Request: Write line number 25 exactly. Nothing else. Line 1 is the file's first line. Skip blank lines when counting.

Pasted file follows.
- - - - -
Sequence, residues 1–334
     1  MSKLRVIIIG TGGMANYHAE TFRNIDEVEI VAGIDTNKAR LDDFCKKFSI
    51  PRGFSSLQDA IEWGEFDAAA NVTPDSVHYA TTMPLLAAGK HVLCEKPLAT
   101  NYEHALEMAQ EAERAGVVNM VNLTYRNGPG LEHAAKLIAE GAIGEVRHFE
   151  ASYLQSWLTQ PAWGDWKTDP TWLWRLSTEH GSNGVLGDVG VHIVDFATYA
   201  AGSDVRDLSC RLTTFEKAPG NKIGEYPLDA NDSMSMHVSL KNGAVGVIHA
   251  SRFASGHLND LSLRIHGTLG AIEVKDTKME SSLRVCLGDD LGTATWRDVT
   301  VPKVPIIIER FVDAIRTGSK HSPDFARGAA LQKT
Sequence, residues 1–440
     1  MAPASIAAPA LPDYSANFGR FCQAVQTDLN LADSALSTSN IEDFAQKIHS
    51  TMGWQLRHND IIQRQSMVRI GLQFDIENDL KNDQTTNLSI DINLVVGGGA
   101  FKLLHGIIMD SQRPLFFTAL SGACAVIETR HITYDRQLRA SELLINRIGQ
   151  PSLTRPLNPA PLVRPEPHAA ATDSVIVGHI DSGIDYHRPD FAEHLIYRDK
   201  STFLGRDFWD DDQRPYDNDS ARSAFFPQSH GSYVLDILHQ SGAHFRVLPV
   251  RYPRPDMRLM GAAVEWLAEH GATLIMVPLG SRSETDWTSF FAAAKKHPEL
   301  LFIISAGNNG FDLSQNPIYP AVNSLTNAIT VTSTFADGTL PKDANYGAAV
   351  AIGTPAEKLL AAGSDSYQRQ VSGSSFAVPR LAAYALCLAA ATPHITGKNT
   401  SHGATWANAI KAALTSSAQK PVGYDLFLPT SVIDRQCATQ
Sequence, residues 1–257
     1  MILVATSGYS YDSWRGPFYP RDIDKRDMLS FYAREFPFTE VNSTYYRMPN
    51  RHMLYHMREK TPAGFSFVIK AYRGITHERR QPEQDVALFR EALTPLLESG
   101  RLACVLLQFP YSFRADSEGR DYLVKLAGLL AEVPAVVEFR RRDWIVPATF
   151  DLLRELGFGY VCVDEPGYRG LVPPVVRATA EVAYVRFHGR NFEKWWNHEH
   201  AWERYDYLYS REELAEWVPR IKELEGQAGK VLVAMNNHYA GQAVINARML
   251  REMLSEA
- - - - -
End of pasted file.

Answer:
   251  REMLSEA